Yesterday, day three of my retreat, I spent most of the day here, looking out at this desert space. After a long hike, I sat on a smooth rock, looked out into the desert and listened to Life and to MY life for three one-hour periods, punctuated with water, stretching and some excellent chocolate.
It was like sitting on the edge of one’s own psyche, looking about – asking some questions about what one sees. At times, I saw a beetle here, a shrub there, a stone the colors of peach and yellow, a chunk of hurled, black, bubbled lava. At other times I saw anger left over from a conversation, regret from a lost relationship, joy at a new friendship, an unexpressed resentment needing to be lanced, a delight from some intimacy experienced, gratitude for a courageous moment, awareness at a troubling under-bounderied relationship, mindfulness at God’s love for me and mine for God.
On day four of my annual retreat, things are beginning to break apart. My chiropractor (usually my first stop on a retreat, so that my body has been adjusted for so many hours of sitting meditation and…well, so that I am more comfortable in my body will full ranges of motion) says that when he adjusts my neck (a quick, hard yank with cracking sounds!) he is breaking apart calcium which has formed from calcified muscle where stress has caused scar tissue. As soon as the appointment was over on Friday morning, I found that when I turned my head to pull out of the parking lot, I turned my head so far that I saw parts of my back seat I had never seen before! I felt like an owl. If that can happen to the body, that can happen to the soul.
Things in my soul (scriptures call this, in Hebrew, our “nefesh”; translated as our “everythingness”) which are soul-calcified are beginning to break up in day-four of an authentic retreat. My use of the word “authentic” feels, and may indeed seem, judgmental. It is.
A spiritual leader must take a long, uninterrupted, silent retreat regularly so that they can see what they need to see and make the adjustments needed to protect the people they serve from projections, unidentified negative feelings and the mindlessness of un-identified self-anthesthesia. I know too many clergy and Bishops who spend their retreats so filled with words – the daily office, confessions, spiritual readings – that they never have the silence they need to really see the things they need to see inside themselves. There is little more tragic than a religious leader who uses words to so quickly fill empty spaces that they need not see the hard things inside themselves which they need to see – need to face – need to adjust. The same thing happens on Sundays in some Episcopal Churches. There are so many words – recited, read, read at us, sung – that the open fire-hydrant of words creates its own form of anesthesia, numbing our soul to awareness. It is an ecclesial tragedy similar to what I find when I eat at an all-you-can-eat food bar – moving on my plate from delicious food to delicious food – fried shrimp, crab souflee, corn pudding, prime rib – tan and brown foods all – delicious all. And yet, my body is craving broccoli, almonds, asparagus, kiwi, kale and salmon – healthy, clean foods packed with what my body really needs to function.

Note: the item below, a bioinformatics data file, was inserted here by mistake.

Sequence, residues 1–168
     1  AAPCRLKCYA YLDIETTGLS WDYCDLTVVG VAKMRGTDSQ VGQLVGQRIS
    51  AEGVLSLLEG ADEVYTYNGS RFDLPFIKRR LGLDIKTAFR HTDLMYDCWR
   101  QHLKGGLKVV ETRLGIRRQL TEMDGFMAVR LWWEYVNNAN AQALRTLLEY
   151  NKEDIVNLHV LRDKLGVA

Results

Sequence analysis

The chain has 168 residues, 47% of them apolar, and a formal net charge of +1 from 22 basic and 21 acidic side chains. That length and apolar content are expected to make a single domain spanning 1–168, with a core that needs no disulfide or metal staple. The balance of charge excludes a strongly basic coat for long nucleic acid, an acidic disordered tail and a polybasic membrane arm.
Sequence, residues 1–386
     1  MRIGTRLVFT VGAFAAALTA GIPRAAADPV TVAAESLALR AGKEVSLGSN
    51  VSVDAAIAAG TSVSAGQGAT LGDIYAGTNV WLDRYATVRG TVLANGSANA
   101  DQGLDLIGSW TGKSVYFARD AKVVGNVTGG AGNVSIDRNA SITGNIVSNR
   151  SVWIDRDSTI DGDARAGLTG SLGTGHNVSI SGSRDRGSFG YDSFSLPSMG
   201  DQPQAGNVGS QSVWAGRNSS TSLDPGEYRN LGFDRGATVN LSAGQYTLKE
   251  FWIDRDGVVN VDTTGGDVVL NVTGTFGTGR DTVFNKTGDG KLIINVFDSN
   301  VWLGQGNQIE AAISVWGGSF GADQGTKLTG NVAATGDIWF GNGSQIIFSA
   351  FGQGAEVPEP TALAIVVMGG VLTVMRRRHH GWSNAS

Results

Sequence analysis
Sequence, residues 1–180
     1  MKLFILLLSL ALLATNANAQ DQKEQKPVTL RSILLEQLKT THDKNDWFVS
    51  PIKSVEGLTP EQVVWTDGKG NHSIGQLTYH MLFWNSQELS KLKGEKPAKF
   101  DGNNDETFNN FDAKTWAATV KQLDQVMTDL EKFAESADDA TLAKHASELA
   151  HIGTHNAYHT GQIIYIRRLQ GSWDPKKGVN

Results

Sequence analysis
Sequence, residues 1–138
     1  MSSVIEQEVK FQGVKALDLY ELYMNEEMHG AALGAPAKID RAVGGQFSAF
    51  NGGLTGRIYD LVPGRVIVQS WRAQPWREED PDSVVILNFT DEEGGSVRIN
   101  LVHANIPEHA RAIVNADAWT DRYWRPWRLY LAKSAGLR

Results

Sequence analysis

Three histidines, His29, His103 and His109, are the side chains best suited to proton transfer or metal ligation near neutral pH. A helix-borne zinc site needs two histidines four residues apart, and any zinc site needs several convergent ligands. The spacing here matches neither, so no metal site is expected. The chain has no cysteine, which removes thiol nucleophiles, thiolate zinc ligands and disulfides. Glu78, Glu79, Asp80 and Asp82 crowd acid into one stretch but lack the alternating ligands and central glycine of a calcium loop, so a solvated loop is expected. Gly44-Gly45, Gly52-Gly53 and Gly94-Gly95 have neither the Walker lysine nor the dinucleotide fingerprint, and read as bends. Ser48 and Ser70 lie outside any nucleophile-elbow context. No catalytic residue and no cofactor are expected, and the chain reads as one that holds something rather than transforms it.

Generally, on a retreat, I like to combine body work and soul work. My body is so important. It is a vessel which carries something holy. It is the tool with which I touch, smile, caress, hug, hold, communicate and listen. The stresses of life and the toxins we ingest need to be physically worked out and well as spiritually worked out. Tending to the soul and ignoring the body is a time bomb. So I build into any retreat daily time for deep, full sleep, time for silent meditation (three one-hour periods), time to connect with a loved friend for gentle conversation and touch, time to walk outside, time for spiritual direction and a chiropractic session (each once in the week), time to write and time for some gentle, slow, spiritual reading; and, when possible, time for deep-tissue massage (assuming I have saved up some money for this valuable and expensive body-work). Some days, some of these things will not occur – with the exception of three one-hour periods of wordless prayer.
They work of the spiritual life is not to wall-paper over our demons with words nor is it to anesthetize our awareness of the demons with our busy-ness. The work of the spiritual life is to sit with our demons in God’s warm presence, see them, listen to what they are trying to tell us and then release them with gratitude. They are part of us and the only thing which calms them is being listened to. And the only thing which sends them on their way, is God’s transfiguring love. But we three need to be together for that process to unfold.